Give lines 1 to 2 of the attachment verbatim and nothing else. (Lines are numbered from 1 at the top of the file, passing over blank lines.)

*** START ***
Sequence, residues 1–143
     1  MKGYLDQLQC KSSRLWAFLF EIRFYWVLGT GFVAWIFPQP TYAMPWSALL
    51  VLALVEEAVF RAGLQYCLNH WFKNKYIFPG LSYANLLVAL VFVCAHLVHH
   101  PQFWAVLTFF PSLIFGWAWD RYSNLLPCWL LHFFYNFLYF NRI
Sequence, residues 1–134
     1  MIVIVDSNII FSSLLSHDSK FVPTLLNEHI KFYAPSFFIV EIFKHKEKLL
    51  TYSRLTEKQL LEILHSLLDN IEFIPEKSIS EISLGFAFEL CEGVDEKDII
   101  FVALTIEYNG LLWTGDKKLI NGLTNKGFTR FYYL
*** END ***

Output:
Sequence, residues 1–143
     1  MKGYLDQLQC KSSRLWAFLF EIRFYWVLGT GFVAWIFPQP TYAMPWSALL